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Old 01-05-2009, 02:46 AM   #1
Jan 2009
Posts: 3

Great Forum. Glad to be part of it.
I brewed my 5 gals American Wheat (A Beer Nut Kit) on 12-28. I pitched the White Labs liquid yeast at 70 F. There was slow activity in the airlock but seemed steady for about 3 days, then subsided to none. The temperature has remained somewhat steady at about 72-74F. On 1-03 (6 days later) I drew a sample to test SG. I drew the wort through the airlock hole in the fermenter to avoid contamination and of course i used a sanitized (single step) tube to collect the sample.
The OG was 1.047 this sample measured 1.026.
About 4 hours later I noticed the CO2 output had increased substantially. The airlock was buzzing with activity and has remained steady for the past 24 hours.
I've brewed about 15 batches total over the years and have never seen activity like this. Usually, the fermentation has run it's course in a week or so.
So what's the reason? Was it the agitation of the bucket as I handled it? Did I introduce more oxygen with the sanitizer? I'm sure this isn't unusual to most but it sure is to me. I'm just trying to understand.

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Old 01-05-2009, 03:30 AM   #2
Nov 2008
Posts: 625
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i would chalk it up to the agitation... as for the six day slow go i havent a clue... perhapes you yeast were just being quiet, fermenting with out making a large ammount of CO2... granted this is a flawed state because the ammount of CO2 is a constant reguardless, its a ghost in the machience term, which normally means that alot of the CO2 is staying in solution rather then gasing out... technically it doesnt happen, but i have had some batches which look completely doen adn dormant and are actully fermenting great guns which actully the best way to tell is to give the fermenter a good shake, and being in primary it wont hurt it none, sounds like what happend... cheers
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Old 01-11-2009, 04:51 AM   #3
Jan 2009
Posts: 3

This is the strangest fermentation cycle I've ever seen. Since my last post (6 days ago), I left town only to return home today to find my airlock still going at it. Last week it was a bubble every 10 or 15 seconds. Today it's every 60 seconds. I'm amazed that the fermentation has taken this long to finish. My SG reading today is 1.016 so I think it's getting close. I'll check again in a couple days to see if it's ready to bottle. I think I'll name this batch "Strange Brew"

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Old 01-11-2009, 05:01 AM   #4
Dec 2008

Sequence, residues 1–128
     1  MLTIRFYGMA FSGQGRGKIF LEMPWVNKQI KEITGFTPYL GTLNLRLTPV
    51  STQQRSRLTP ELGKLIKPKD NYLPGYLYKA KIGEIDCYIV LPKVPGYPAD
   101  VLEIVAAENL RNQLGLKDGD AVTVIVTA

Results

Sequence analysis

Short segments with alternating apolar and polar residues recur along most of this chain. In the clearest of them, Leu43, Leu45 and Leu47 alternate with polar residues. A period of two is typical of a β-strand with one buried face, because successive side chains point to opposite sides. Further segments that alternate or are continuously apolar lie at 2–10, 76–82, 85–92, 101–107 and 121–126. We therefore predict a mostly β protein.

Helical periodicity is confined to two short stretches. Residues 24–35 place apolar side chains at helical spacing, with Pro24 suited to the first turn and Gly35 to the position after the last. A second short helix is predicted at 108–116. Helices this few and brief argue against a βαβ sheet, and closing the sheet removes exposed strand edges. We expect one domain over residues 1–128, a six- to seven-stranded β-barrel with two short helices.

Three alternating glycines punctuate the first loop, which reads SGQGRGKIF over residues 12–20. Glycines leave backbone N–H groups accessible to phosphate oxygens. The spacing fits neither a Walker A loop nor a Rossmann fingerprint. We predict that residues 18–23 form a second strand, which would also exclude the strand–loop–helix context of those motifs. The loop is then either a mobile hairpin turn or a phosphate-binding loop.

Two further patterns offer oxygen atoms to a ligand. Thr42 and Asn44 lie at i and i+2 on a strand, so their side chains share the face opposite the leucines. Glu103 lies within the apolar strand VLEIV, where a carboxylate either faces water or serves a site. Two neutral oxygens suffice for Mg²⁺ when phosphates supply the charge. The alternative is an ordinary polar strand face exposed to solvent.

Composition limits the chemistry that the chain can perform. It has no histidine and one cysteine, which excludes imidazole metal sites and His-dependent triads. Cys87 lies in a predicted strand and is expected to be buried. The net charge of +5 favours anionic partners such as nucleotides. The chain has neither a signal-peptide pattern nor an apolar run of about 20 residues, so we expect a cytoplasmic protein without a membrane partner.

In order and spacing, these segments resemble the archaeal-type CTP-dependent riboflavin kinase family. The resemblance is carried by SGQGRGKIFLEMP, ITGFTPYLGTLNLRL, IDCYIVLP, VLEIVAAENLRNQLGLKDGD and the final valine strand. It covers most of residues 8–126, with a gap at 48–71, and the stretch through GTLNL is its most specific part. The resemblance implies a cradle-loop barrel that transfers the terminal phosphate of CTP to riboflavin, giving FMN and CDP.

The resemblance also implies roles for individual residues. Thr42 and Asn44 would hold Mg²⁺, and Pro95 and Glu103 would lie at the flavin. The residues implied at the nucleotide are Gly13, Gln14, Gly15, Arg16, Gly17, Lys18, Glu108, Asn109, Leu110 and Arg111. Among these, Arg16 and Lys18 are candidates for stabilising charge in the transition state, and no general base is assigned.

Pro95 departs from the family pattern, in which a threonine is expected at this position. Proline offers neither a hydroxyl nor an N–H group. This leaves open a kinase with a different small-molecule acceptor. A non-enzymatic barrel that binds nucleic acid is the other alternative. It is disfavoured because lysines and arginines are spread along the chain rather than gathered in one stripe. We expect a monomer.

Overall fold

Melbourne Australia
Posts: 124
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It could be temperature fluctuations, i've had brews take off after a rise in ambient air temps.

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Old 01-11-2009, 07:49 AM   #5
Rezilynt's Avatar
Apr 2008
Bellingham, Washington
Posts: 780
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Please do not rely on the bubbles. Temperature fluctuation, agitation or just plain touching your fermenter con start a bubble of c02 to release. Trust your hydrometer. Take a reading on monday and see if it is the same as today's. If it is, then take another on Wednesday to see if it is the same. It's done if all are the same. I'm guessing it's probably done, but, the hydrometer is the only true judge.
If farmers make wine and engineers make beer, what the hell am I doing here?

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Old 01-11-2009, 08:20 AM   #6
Jan 2005
Liberty, Texas
Posts: 623
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This has happend to me, I pitched the yeast, next day nothing, take the lid off and give it some O2 and away she goes. Wine has done that to me also.

But to be honest I think your lid was not all the way down, since your gravity was 1.026 It had been fermenting and and I dont think it just stuck with the OG at 1.047. I think somehow, some way the lid was not sealed good, or pressure was getting out someplace else. between the airlock and the stopper possibly. I would almost bet on it. You mentioned your activity was slow, it may have been fast, just loosing co2 pressure someplace else, then when the fermentation slowed it took the path of least resistance.
Good luck

If you have a valve on your bucket once your done, empty the bucket put an airlock on it and blow slightly or put your finger over the airlock hole and blow on it see if there is any leaks.

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